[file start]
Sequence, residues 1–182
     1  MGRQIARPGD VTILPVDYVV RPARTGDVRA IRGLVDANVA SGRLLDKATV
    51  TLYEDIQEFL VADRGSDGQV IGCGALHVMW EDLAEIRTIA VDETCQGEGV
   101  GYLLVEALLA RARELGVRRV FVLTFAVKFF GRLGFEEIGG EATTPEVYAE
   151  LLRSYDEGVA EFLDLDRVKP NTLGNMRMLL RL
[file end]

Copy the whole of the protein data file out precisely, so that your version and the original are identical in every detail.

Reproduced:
Sequence, residues 1–182
     1  MGRQIARPGD VTILPVDYVV RPARTGDVRA IRGLVDANVA SGRLLDKATV
    51  TLYEDIQEFL VADRGSDGQV IGCGALHVMW EDLAEIRTIA VDETCQGEGV
   101  GYLLVEALLA RARELGVRRV FVLTFAVKFF GRLGFEEIGG EATTPEVYAE
   151  LLRSYDEGVA EFLDLDRVKP NTLGNMRMLL RL